Pastor: 3 Essentials for Your Website Bio
Your congregation visits your website more than your community will. But both audiences are important. And where they look on your website is critical since both audiences look for different reasons.
Often your congregation clicks on your staff (or leadership) page to identify who’s in charge, additional personal details, and how to directly contact you. Your community, on the other hand, will visit your website before attending for the first time and will often find themself on your staff page to see if they’ll feel comfortable in your church. They want to know who you are!
Your bio is critical for both audiences. So here are the 3 essentials you need if you’re going to have a personal bio that they’ll find interesting:
- Current Photo: People look at your photo for very “shallow” reasons (but we all do it). They want to be aware of what you look like, if you look like them, what you’re wearing, and if you look like someone they’d like to listen to. Make sure your picture is current (in the last couple of years unless you recently made changes), that you’re dressing like you expect them to dress for a service, that your expression is friendly and approachable, that you’re not lost in the photo’s background, that your head size is about the same size as all the others on the page, and that your face is the most dominant part of your picture. This picture represents you and everything your church has to offer. Use a professional (yet not too glamor-style) photo. You’d hate to hear someone didn’t choose to attend because you didn’t look approachable or friendly!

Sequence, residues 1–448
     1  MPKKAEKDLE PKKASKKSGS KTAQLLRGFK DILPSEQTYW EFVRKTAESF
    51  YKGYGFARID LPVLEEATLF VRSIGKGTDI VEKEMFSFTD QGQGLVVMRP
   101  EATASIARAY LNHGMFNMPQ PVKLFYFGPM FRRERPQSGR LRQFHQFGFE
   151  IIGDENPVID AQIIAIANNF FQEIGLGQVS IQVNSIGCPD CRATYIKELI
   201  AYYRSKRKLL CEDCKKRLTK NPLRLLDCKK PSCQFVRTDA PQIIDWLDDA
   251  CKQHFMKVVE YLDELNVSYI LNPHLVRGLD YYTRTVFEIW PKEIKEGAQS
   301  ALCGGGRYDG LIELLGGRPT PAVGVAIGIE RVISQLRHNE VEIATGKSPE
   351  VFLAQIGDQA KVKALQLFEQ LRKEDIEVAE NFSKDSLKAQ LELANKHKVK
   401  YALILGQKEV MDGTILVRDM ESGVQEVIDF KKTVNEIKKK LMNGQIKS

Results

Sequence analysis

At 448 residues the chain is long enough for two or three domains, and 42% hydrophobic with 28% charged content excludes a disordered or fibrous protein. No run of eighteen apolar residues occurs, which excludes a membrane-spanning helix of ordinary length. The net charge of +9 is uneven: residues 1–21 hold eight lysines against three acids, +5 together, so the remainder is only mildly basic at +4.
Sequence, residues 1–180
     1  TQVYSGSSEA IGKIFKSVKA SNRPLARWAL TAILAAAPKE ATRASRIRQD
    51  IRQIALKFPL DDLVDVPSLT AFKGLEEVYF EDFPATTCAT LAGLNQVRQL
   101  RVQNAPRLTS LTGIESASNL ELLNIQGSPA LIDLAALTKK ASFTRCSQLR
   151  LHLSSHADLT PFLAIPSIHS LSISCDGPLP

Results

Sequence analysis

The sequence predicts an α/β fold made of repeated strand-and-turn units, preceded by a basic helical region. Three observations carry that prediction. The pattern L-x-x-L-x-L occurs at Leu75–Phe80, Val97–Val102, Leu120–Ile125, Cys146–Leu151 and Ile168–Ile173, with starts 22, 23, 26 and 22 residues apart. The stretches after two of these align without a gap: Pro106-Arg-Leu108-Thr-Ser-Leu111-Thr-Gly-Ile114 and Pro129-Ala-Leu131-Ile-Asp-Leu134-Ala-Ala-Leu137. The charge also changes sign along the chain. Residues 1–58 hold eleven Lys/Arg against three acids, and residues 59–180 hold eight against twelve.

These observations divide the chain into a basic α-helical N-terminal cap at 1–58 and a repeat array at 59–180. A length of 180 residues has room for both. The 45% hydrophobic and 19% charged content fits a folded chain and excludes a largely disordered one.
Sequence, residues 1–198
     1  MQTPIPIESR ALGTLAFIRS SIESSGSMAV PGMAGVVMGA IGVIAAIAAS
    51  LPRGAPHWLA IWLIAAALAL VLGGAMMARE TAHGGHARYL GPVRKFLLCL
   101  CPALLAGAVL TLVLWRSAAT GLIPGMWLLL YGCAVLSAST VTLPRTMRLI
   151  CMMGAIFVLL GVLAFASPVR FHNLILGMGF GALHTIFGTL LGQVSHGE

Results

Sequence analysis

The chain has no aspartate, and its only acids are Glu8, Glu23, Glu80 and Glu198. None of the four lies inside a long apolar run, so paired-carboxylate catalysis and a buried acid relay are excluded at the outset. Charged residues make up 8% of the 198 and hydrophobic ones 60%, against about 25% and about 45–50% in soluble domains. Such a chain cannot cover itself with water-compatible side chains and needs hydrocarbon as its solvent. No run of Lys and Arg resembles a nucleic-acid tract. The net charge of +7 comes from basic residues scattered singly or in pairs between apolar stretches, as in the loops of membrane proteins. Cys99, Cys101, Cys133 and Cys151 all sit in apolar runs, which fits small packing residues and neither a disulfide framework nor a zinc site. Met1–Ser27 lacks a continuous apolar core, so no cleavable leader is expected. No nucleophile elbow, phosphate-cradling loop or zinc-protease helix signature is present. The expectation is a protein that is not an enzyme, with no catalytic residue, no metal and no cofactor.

- Contact Info: This is your direct link to them. Consider how they would want to contact you and provide that information. Will you get many calls or contacts? I hope so. This shows that you’re open, willing, and available to meet or answer questions. Many will want to connect through your social media so (if you have good posts) provide links. Others just want an email or phone number. Do not provide contact information unless you’re committed to responding within a reasonable timeframe. If you’re not? Consider what your calling is.
- Your Connection: You need to connect with people who are coming to look at you or considering attending your church. Many aren’t interested in your degrees or life details. Instead, concentrate on what THEY would be interested in (since they’re interested in your church). This isn’t really about you, it’s about them. If your brand thread (tagline) is all about relationships, make sure you explain why you’re qualified to lead in that arena. If you’re trying to get families to attend, talk about your family in such a way that people will connect with you on that level. Are you a church that’s trying to attract Imperfect People? Then carefully share why you’re an expert.
Your bio may be the reason that someone decides to come to your church or it may be the reason someone stays. It’s also the new business card since it’s easier to say “I’d love to connect with you. Go to our website under the About menu and find my contact information on the Leadership page”. This is much easier than to distribute cards to everyone in attendance.